(18 December 2019) The 2008 financial crash increased demand for public health systems across the EU, and at the same time reduced expenditure (WHO 2014). After a decade of austerity, public health systems are now at breaking point, and health professionals can no longer bear the brunt being often underpaid, understaffed and under-resourced.
Whilst the OECD-European Commission State of Health in the EU 2019 report published last month recognises that workforce shortages are a challenge in many countries, the gravity of the situation is more starkly reflected in the scale of health sector demonstrations which took place in the across the EU last month.
As the European voice of health and care professionals, the European Public Service Union (EPSU) calls upon the new Commission to address the public health crisis in its action plan to implement the Pillar of Social Rights.
A decade of austerity, liberalisation and cuts in public services
The 2008 financial crisis led to reduced spending in public services. Healthcare systems in particular became a target for cuts due to their size and potential for improved cost-efficiency. A demonstrated by an EPSU-ETUI-OSE report on healthcare reforms and the crisis, trends of the early 2000s which saw a steady rise in health expenditure across the EU were suddenly reversed. Growth in health spending fell in real terms in the vast majority of EU countries, and in others expenditure was slashed.
The salaries of health professionals were frozen, and even reduced in countries such as Cyprus, Greece, Ireland, Lithuania, Portugal and Romania. For nurses, the largest group of health workers, recruitment and retention rates were diminished and there was a reduction in nurses’ posts across Europe (EFN 2012).
Increasing mobility of health professionals, encouraged also by EU’s Single Market, has introduced a new dimension to national health systems by interfering in the capacity for Member States to plan their own systems.
Despite the laudable commitment of health professionals to maintaining a quality service, they are often understaffed, have a shortage of resources, and are being stretched to provide more with less.
Although the growth rate in per capita health spending has gone up in real terms in the majority of EU countries more recently, so too has the demand for health care. With the current levels of investment and funding, the capacity of public health systems cannot keep pace with population growth, ageing societies, changing disease patterns and new treatments.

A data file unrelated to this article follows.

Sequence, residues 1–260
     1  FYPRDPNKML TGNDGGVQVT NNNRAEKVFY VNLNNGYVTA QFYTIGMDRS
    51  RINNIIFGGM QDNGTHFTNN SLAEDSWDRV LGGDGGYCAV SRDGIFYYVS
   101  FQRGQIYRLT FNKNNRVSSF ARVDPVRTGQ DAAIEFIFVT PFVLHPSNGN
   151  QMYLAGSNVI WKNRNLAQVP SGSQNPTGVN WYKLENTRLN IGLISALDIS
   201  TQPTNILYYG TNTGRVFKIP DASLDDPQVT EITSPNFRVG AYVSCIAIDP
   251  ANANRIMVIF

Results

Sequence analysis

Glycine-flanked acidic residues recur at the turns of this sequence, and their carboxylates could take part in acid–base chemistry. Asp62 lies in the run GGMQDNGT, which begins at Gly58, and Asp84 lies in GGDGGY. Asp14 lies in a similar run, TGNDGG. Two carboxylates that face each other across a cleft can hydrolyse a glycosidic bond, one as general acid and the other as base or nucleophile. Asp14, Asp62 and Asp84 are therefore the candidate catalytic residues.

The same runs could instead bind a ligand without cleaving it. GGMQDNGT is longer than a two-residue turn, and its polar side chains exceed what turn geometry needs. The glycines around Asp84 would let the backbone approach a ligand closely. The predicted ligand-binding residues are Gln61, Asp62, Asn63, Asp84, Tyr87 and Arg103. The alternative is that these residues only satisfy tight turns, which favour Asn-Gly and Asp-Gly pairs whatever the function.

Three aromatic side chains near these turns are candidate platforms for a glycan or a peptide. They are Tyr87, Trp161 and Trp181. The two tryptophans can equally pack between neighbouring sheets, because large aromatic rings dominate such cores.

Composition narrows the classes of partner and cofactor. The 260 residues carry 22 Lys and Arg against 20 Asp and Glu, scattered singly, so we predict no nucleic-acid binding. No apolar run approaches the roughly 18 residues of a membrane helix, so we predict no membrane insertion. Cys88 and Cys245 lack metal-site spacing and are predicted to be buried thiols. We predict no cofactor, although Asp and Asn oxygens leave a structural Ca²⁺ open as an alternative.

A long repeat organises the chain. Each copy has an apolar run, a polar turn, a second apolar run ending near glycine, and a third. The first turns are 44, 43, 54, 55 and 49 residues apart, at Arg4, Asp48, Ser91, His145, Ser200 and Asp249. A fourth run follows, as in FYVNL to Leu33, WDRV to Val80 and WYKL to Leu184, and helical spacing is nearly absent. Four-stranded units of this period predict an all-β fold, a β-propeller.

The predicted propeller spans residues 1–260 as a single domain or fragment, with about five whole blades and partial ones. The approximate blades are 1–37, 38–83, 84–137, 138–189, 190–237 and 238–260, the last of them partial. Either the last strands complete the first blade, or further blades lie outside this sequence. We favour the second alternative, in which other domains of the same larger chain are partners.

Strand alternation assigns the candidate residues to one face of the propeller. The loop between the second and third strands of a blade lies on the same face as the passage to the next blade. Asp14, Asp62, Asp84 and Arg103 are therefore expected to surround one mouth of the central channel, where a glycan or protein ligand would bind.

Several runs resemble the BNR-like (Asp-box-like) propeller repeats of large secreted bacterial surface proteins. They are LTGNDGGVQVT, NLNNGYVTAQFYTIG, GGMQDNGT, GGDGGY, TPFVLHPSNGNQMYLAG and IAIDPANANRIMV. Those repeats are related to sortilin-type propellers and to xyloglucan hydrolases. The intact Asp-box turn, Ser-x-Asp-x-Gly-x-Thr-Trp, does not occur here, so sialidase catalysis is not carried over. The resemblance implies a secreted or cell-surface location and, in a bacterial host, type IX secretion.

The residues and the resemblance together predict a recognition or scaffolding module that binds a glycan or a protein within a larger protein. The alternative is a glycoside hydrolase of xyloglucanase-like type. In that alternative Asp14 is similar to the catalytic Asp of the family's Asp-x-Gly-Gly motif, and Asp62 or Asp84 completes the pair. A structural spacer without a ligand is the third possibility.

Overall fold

Failing to act will be costly
UK Prime Minister, Boris Johnson was recently criticised for pledging 50,000 NHS nurses by 2025 in his election campaign, after it was revealed that the figure included an estimated 18,500 existing nurses who would be encouraged to remain working for the UK National Health Service. Yet regardless of the manner in which it was presented by the Conservative government, the breakdown of this figure points to one of the most critical challenges facing public health systems. Nurses, and indeed other health workers, are leaving the profession at an increasing rate because they simply cannot cope with the work load. The UK has among the highest levels of burnout for nurses.
Poor retention of health professionals is a colossal expense for employers and the public sector. In addition to the economic costs, the high turnover of staff has a negative impact on the quality of the services provided and the health outcomes. If public authorities do not invest now, burnout levels will only continue to rise.
Unrest is now spreading in a number of European countries. In the middle of a historic protest in France, health chiefs explained that the“[health] system is collapsing and we are no longer able to carry out our jobs in good conditions and to provide quality and safe care." In Latvia, budget proposals for the medical sector prompted a nationwide protest of health professionals. In fact, in the last couple of months alone, tens of thousands of health and care workers have taken to the streets in nine EU countries. Their demands are strikingly similar: in order to continue delivering the vital services the population depends on, they need a significant increase in pay, staffing levels and resources.
Why health is an EU issue
While the main responsibility for funding, organising and delivering healthcare rests with national authorities, a 2017 Eurobarometer survey confirms that 70% of Europeans want more EU action on health. This gives a strong message to the von der Leyen Commission that EU action is needed.
The Commission’s action plan to implement the European Pillar of Social Rights provides a good framework to tackle this pan-European crisis in healthcare systems. Article 16 of the Pillar states that: “Everyone has the right to timely access to affordable, preventative and curative health care of good quality.” Commissioner for Health Stella Kyriakides, and Commissioner for Jobs and Social Rights Nicolas Schmit must recognise that sufficient levels of well-trained and well-paid health professionals are a prerequisite for delivering good quality healthcare for all. The EU and Member States have a joint responsibility to introduce concrete measures to achieve this.
As the European voice of health and care professionals, EPSU expects the Social Pillar to underpin Europe’s the shared values regarding access to quality healthcare for all and to provide a holistic response to the joint challenges we face.